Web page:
3) End the cowboy crap. Like it or not, when it comes to getting the best help to combat terrorism, our attitude and allies matter. We have the military might to dominate anyone, and everyone knows it. So why in the hell would we act like a bully? It's a crazy and counterproductive way for the world's lone superpower to behave. We can gain great advantages with -- indeed! -- a more sensitive foreign policy, all the while knowing that sensitivity and intelligence do not leave us militarily vulnerable. As President Clinton said at the Convention: "Strength and wisdom are not opposing values."

Specifically, a more sensible foreign policy will help undercut the support that terrorists are getting from Saudi Arabia, Pakistan, Iran, etc. Perhaps if these countries weren't so bitter toward us, they wouldn't be doing such a half-assed job at "rounding up" terrorists. They're on our side, but barely. And if these sovereign nations turn against us, it won't be a pretty scene. As for dealing with Al Qaida: it's true that you can't reason with lunatics. But you can certainly make it more difficult for the lunatics to do their work, and you can make it less likely that they'll be so angry that they'll choose this new terrorist lifestyle.

Bush's rhetoric on terrorism is far more shameful than his actions. He never misses a chance to tell us that "America is safer" because of his efforts. Then his henchman tell us twice a week that we're likely to be hit again before the election. You might recall he's even said something similar himself, admitting in a rare moment of candor that it's a big country and it's impossible to stop every terrorist plot. But then he went right back to playing on people's fears, telling them he's keeping them safe and implying Kerry would not. So which is it, George? If we play your little game and give you credit for keeping us safe, I hope you're prepared to accept the firestorm of blame when we're attacked again.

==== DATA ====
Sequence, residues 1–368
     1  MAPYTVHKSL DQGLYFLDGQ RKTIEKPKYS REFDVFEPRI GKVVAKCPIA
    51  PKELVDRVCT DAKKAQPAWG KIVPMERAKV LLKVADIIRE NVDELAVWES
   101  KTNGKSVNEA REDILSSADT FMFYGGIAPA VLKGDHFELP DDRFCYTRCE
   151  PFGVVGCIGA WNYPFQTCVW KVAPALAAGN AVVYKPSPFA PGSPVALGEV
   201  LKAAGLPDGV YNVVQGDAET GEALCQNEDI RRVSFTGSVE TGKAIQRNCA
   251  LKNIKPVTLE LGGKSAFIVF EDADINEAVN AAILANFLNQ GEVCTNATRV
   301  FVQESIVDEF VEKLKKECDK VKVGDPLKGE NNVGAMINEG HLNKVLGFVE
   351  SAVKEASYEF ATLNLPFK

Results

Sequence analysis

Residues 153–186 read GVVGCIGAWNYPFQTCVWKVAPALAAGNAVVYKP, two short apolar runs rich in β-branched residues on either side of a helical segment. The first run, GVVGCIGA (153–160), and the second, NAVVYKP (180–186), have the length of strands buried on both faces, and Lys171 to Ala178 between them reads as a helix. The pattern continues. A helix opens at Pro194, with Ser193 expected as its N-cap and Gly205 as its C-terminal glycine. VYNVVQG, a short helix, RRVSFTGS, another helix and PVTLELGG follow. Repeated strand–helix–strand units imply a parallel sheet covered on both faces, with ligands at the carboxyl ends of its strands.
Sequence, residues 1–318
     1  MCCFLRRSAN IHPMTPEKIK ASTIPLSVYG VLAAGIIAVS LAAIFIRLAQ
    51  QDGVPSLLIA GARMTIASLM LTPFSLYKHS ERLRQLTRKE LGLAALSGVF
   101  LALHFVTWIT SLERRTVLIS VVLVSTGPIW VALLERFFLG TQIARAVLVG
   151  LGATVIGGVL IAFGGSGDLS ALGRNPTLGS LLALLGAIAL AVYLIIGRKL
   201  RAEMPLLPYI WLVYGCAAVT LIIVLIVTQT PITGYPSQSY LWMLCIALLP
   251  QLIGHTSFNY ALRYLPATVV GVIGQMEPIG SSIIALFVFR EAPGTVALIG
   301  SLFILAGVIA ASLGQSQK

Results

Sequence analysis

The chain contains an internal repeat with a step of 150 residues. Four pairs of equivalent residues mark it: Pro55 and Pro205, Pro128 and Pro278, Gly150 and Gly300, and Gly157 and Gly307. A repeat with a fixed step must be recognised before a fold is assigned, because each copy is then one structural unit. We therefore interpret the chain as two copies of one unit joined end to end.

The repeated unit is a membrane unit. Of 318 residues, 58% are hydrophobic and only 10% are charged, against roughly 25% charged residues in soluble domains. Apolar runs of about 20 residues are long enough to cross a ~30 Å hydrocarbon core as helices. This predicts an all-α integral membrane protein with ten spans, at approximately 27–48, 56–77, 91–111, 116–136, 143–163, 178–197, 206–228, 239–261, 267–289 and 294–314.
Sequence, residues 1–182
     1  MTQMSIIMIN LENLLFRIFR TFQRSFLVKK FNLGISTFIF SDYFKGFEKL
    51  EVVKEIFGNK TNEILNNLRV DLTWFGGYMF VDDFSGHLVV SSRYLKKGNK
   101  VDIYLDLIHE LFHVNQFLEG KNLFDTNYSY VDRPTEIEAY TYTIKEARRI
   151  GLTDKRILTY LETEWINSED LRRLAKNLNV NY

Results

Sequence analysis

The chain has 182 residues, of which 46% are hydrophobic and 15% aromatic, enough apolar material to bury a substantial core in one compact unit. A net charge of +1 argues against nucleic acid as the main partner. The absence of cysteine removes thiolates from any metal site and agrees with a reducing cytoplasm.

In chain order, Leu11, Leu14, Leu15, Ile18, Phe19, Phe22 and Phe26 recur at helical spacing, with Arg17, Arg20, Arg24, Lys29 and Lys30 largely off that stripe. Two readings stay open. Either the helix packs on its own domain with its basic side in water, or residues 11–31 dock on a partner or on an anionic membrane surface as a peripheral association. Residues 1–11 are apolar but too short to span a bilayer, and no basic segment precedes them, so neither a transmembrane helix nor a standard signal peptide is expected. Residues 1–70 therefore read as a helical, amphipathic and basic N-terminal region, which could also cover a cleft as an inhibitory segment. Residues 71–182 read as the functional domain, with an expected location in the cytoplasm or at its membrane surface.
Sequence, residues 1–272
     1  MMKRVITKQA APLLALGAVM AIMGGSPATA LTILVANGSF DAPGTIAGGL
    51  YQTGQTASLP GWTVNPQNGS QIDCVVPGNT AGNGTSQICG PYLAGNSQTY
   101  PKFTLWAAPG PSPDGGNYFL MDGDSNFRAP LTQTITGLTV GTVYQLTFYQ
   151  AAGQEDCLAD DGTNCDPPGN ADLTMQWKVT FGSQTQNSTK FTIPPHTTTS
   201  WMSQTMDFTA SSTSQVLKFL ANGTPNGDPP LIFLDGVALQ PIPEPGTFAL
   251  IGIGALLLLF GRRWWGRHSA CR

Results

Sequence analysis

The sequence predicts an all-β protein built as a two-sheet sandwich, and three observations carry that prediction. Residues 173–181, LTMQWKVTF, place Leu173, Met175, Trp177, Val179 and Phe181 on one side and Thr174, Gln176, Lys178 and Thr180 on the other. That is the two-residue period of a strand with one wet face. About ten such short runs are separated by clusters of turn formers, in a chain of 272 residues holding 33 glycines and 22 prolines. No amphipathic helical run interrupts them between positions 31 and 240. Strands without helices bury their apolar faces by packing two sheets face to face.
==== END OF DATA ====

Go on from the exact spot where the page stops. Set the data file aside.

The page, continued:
The war on terror as it's being fought today is a global game of Whack-A-Mole that we will never win. We can continue to root out terrorists, break up plots, and maybe get away with only a couple thousand dead every few years when they sneak a plan through. Or, if we stop the elaborate plots, they'll recruit suicide bombers to pick off 10 or 15 of us at a time inside the U.S. We can't win Whack-A-Terrorist any more than we can win the war on drugs by rounding up addicts, putting them in jail, and then putting them back on the street to start using again.

So if the alternative is something that's tough, smart, and sensitive, then by all means bring it on.